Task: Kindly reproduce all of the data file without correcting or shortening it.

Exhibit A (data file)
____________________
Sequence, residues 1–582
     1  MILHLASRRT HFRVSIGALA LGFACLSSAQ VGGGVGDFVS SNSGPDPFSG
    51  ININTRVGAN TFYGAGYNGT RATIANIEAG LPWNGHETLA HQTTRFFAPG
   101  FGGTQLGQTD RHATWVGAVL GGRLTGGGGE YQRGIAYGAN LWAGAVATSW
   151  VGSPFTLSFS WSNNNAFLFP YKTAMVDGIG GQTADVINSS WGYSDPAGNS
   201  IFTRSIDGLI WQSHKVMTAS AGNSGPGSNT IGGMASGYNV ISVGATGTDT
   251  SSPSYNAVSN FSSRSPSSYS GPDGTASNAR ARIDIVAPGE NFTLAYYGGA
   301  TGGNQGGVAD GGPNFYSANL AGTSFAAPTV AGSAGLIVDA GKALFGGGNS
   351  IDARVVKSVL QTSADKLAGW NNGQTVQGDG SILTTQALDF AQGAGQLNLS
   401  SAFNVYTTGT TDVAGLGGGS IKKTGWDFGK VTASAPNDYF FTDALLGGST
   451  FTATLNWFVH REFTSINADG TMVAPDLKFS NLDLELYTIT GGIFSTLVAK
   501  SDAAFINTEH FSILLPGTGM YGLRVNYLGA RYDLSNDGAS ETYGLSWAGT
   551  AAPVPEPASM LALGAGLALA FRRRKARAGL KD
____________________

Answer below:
Sequence, residues 1–582
     1  MILHLASRRT HFRVSIGALA LGFACLSSAQ VGGGVGDFVS SNSGPDPFSG
    51  ININTRVGAN TFYGAGYNGT RATIANIEAG LPWNGHETLA HQTTRFFAPG
   101  FGGTQLGQTD RHATWVGAVL GGRLTGGGGE YQRGIAYGAN LWAGAVATSW
   151  VGSPFTLSFS WSNNNAFLFP YKTAMVDGIG GQTADVINSS WGYSDPAGNS
   201  IFTRSIDGLI WQSHKVMTAS AGNSGPGSNT IGGMASGYNV ISVGATGTDT
   251  SSPSYNAVSN FSSRSPSSYS GPDGTASNAR ARIDIVAPGE NFTLAYYGGA
   301  TGGNQGGVAD GGPNFYSANL AGTSFAAPTV AGSAGLIVDA GKALFGGGNS
   351  IDARVVKSVL QTSADKLAGW NNGQTVQGDG SILTTQALDF AQGAGQLNLS
   401  SAFNVYTTGT TDVAGLGGGS IKKTGWDFGK VTASAPNDYF FTDALLGGST
   451  FTATLNWFVH REFTSINADG TMVAPDLKFS NLDLELYTIT GGIFSTLVAK
   501  SDAAFINTEH FSILLPGTGM YGLRVNYLGA RYDLSNDGAS ETYGLSWAGT
   551  AAPVPEPASM LALGAGLALA FRRRKARAGL KD